Somewhere in college I stopped reading webcomics. Not completely, of course, but a switch definitely turned and it became a rarer and rarer occurrence. That’s strange because around the same time I started picking up monthly comics.

The two formats obviously have their differences, one catering to the inventiveness of limitation and the other indulging freedom to resounding highs and lows. Nonetheless, they’re largely the same and crossovers between the two are almost inevitable.

Enter Strong Female Protagonist. I am no longer an authority, but this is one of the best web comics I’ve ever read. I found and finished the archives in one day and now, some months later, Top Shelf has done the world a favor and put this story into print.

SFP is the story of Alison Green, one of the first wave biodynamic individuals to appear on our planet. At age fourteen, Alison’s powers activated and, before long, she was Mega Girl: the strongest human on the planet. She’s super strong, invulnerable, and utterly powerless to make the world any better. And so she hung up the cape and did the only thing she could think of that would take her closer to her dream of truth, justice and the American way: she went to a liberal arts college.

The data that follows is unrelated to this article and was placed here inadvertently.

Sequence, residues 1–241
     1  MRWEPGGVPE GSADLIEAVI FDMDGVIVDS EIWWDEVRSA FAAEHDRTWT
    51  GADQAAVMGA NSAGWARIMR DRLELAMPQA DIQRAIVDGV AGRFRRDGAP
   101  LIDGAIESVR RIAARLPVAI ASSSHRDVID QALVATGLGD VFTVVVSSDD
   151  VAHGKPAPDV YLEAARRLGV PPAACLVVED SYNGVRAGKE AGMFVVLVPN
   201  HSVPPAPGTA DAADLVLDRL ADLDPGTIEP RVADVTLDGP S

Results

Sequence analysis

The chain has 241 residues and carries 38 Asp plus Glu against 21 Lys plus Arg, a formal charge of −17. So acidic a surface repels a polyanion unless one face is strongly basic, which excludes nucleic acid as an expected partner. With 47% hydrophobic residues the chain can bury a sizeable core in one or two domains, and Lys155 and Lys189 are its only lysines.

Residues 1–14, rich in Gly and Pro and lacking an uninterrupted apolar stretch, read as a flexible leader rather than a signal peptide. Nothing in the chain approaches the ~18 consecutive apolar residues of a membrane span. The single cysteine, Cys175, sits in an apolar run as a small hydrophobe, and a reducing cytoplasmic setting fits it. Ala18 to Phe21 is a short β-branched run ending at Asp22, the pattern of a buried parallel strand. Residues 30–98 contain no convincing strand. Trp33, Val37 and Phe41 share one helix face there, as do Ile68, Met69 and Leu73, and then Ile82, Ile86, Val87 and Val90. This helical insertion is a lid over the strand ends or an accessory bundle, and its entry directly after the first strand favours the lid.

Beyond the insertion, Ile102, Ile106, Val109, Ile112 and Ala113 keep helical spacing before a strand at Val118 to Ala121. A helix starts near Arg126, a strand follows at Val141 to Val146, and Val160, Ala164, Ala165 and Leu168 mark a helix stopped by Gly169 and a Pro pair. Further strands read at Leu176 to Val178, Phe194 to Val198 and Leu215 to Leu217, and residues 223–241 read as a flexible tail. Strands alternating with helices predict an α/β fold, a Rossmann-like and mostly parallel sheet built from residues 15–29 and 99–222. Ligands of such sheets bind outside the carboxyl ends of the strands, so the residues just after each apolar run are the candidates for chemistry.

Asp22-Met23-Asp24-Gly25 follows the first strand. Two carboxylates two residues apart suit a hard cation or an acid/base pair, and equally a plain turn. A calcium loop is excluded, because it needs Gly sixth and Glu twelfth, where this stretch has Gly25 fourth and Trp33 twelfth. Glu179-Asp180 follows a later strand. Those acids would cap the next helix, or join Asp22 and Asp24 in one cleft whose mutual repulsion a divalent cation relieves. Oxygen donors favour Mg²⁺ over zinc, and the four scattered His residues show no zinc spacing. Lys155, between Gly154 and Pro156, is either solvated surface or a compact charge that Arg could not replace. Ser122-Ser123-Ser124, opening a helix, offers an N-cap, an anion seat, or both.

It sounds like a brilliant set up for a comedy, but SFP is a true cape story and a good one, at that. Free from the mess of an interconnected line of superhero comics, Strong Female Protagonist examines what it really means to be a hero and what it’s like to be called one when you know you’re not really making a difference.

Brennan Lee Mulligan accomplishes an incredible feat in this series by writing a comic about social justice that is almost completely free from judgement. SFP’s understanding of the world is uninterested with what fad diet to will solve your problems or which groups are still acceptable targets or who is responsible for corrupting our world. Instead the ethos of the comic is a refreshingly honest admission of  being overwhelmed. If fixing the world was easy it would have been done and the only symbol of wisdom is knowing you’re a fool.

The series rides the line between a character-driven story and taking advantage of the opportunities that exploring this version of the world presents. Indeed, Mulligan’s universe feels extremely thought out, without becoming stiff. There’s certainly some truth to the stereotype of the overzealous first epic, I’m sure many of us have made that mistake before, but Strong Female Protagonist, for the most part, manages to give the audience all the information they need without lingering on irrelevant detail.